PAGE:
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In Search of Migratory Moms

There’s a certain type of New York woman who attempts to have it all: perfect family, perfect looks, perfect life. What can anthropology explain about this exotic tribe? Wednesday Martin, author of Stepmonster and the upcoming Primates of Park Avenue, breaks it down. 

Wednesday Martin studies Hamptons moms in their natural habitat.

I find them fascinating. 

For several summers now, I’ve been watching them party, preen and parent on the East End. Now, I’m writing about it.

Let me explain. I’m an author, social researcher and mom of two boys. I lived in Manhattan and did summer shares out here for years before I married and had kids—but then I landed in another world. A world of gorgeous, ambitious women with kids and lots of unspoken rules: rules about play dates, what to wear, which school and camp to choose. Once I got over the culture shock (I was raised in the Midwest), I decided to draw on my background in anthropology to do fieldwork in my own backyard, studying the Manhattan moms I run with. That meant following them to the Hamptons, their summer migratory habitat and a place I love.

As summer winds down, here are my thoughts on why we do what we do—and what it all means.

Surprising Findings
Most of the privileged women I know who have kids are a far cry from stereotypes like Mrs. X in The Nanny Diaries. True, many don’t work. And yes, they put time and energy into looking great. But they’re anything but lazy. In fact, they’re unprecedentedly busy being the chief administrators of their children’s lives—and remarkably anxious about getting it right. 

That’s in part because privilege creates options—which napping consultant, Norland nanny or stroller to choose? These might sound like great “problems” to have. But we know from the psychological and neuropsychiatric literature that too many choices make us stressed and can even lead to depression.

This tribe is also stressed out by the relatively new belief that a mother is supposed to interact with and enrich her child all the time, or else he’ll fall behind—making her a bad mom. Compare this to our moms, who sent us off to school and then did housework, went to work or played bridge. They weren’t thinking about motherhood 24/7

Coping Like a Monkey
One thing that strikes me over and over about this tribe is that we deal with stress the same way nonhuman primates do. While you may see a group of Manhattan moms lunching at Tutto or talking at Physique 57, I see female Papio cynocephalus—savanna baboons—grooming one another. Primatologists call it pro-social, or affiliative, behavior—a way to self-soothe while bonding with others. Or take a group of women paddleboarding—it’s more than ab work. They’re affirming their tribal identity with every stroke, saying, “This is what we do, this is who we are.” Being part of a tribe (or troop, if you’re a baboon) can help you feel—and even be—safe.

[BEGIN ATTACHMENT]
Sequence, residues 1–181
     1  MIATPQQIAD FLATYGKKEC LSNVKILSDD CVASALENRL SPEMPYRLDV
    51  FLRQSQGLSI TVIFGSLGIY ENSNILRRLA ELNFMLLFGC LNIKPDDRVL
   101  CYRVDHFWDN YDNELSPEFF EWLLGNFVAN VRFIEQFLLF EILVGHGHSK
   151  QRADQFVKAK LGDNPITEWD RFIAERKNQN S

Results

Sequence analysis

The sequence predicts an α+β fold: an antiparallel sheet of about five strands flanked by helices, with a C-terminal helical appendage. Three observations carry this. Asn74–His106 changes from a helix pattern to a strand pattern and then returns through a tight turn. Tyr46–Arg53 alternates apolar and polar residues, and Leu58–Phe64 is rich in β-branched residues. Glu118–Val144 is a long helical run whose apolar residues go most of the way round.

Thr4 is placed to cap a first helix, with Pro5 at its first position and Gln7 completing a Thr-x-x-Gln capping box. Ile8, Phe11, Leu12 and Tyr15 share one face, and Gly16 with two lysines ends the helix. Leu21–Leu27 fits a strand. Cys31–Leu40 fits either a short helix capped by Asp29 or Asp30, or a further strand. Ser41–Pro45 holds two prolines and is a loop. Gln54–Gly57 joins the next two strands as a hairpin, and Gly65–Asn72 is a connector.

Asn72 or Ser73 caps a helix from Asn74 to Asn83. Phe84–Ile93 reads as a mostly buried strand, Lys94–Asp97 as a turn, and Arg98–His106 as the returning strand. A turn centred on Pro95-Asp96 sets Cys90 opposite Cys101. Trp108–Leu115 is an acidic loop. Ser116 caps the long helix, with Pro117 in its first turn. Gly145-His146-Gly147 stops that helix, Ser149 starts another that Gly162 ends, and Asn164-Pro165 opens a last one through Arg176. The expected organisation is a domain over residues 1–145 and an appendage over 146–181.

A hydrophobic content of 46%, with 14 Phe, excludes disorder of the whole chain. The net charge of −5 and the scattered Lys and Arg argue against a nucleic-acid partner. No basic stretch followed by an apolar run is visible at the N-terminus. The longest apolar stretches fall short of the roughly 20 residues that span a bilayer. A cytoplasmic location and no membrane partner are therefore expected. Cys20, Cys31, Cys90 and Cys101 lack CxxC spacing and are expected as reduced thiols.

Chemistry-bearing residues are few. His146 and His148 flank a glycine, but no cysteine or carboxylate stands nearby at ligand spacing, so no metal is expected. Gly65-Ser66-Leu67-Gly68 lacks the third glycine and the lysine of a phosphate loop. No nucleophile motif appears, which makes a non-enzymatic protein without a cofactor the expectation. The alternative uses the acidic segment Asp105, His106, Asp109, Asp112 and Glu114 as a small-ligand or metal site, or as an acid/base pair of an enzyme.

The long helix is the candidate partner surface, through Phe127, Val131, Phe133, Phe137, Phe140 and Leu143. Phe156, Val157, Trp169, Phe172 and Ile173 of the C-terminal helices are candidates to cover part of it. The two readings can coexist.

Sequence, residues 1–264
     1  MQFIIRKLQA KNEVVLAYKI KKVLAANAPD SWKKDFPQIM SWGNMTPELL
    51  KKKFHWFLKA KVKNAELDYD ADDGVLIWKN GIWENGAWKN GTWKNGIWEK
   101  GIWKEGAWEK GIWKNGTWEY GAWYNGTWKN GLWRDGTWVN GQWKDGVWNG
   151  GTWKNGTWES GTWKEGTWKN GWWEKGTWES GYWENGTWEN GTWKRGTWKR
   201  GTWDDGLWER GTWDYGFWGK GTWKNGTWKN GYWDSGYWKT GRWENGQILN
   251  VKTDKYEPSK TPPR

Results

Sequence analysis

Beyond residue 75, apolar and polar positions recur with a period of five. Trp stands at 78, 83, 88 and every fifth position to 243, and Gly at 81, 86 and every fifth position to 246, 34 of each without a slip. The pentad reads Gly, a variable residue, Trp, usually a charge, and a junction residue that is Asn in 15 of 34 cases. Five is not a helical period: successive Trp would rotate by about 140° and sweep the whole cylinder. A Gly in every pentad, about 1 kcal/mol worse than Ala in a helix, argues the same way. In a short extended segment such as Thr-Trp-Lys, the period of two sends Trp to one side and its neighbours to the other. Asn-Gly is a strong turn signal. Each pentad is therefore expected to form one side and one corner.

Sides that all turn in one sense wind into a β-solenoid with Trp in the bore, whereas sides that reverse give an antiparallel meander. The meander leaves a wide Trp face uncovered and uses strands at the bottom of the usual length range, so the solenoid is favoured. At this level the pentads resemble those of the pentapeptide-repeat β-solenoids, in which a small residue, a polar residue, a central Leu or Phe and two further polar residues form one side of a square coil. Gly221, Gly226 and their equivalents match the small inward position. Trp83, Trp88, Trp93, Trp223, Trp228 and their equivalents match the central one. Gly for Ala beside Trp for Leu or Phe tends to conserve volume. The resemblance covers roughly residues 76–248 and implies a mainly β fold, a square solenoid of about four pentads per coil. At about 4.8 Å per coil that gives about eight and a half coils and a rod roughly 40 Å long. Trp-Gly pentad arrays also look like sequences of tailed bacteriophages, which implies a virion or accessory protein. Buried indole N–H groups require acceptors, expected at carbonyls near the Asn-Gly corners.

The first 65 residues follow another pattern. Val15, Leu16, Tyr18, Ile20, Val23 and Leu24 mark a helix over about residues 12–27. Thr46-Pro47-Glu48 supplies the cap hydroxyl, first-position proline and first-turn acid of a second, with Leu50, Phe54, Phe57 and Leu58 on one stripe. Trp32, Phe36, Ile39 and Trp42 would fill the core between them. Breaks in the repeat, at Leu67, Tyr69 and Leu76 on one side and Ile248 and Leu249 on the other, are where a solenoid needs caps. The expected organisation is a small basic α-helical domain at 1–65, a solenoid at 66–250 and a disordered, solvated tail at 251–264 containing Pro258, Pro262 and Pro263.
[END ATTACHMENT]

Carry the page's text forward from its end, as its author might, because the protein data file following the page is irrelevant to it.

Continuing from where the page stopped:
Bizarre Tribal Practices 
I never cease to be amazed by the extreme sex segregation of my tribe. Often, one of its members will spend summers here with the kids (and nanny), while her spouse goes back and forth to the city. She becomes very independent, very close to her female friends out here—so close, in fact, that their cycles may even synchronize. Then in the fall, there’s tremendous readjustment for couples as they segue into fall and readjust to life in Manhattan—and life with each other—so arguments are to be expected.

Gift exchange is also very big out here. Historically and in our evolutionary prehistory, being a guest was risky. Ranging far from your natal group, you might encounter hostile strangers. Giving a gift was a way of saying, “You can trust me, see? Now please don’t kill me in my sleep!” Today, vulnerable guests still appease their hosts with a candle or bottle of rosé when they show up for the weekend. And those bags you got after events all summer long? Eons ago, we cemented social relationships at banquets—and sometimes sent guests home with our female kinfolk as brides to seal the deal. Think about that next time you’re hauling home some swag.

Why We Do It
As a species, Homo sapiens are migratory. In the past, seasonal migration was dictated by need: To avoid freezing to death, we went somewhere temperate. To avoid starving during times of scarcity, we went where there was food. Today, seasonal migration patterns are more a matter of choice. But we’re looking for the same thing: that place-specific sense of safety and abundance. Going to farm stands, “foraging”—even if it’s for a great dress at Calypso or a book for your child at BookHampton—these practices satisfy primitive needs that have shaped us for millennia. 

Today in Manhattan and the Hamptons, my tribe lives in a state of ecological release—meaning, it’s no longer a struggle to survive. In fact, quite the opposite is true. 

But here’s what’s also true: We’re still running on the same age-old software our ancestors did—and that’s not going to change.

Wednesday Martin, Ph.D., is a social researcher who lives in Manhattan with her husband, two sons and two stepdaughters. She’s the author of  Stepmonster ($25, Houghton Mifflin Harcourt) and the upcoming Primates of Park Avenue: An Anthropological Memoir of Uptown Motherhood, available in 2015.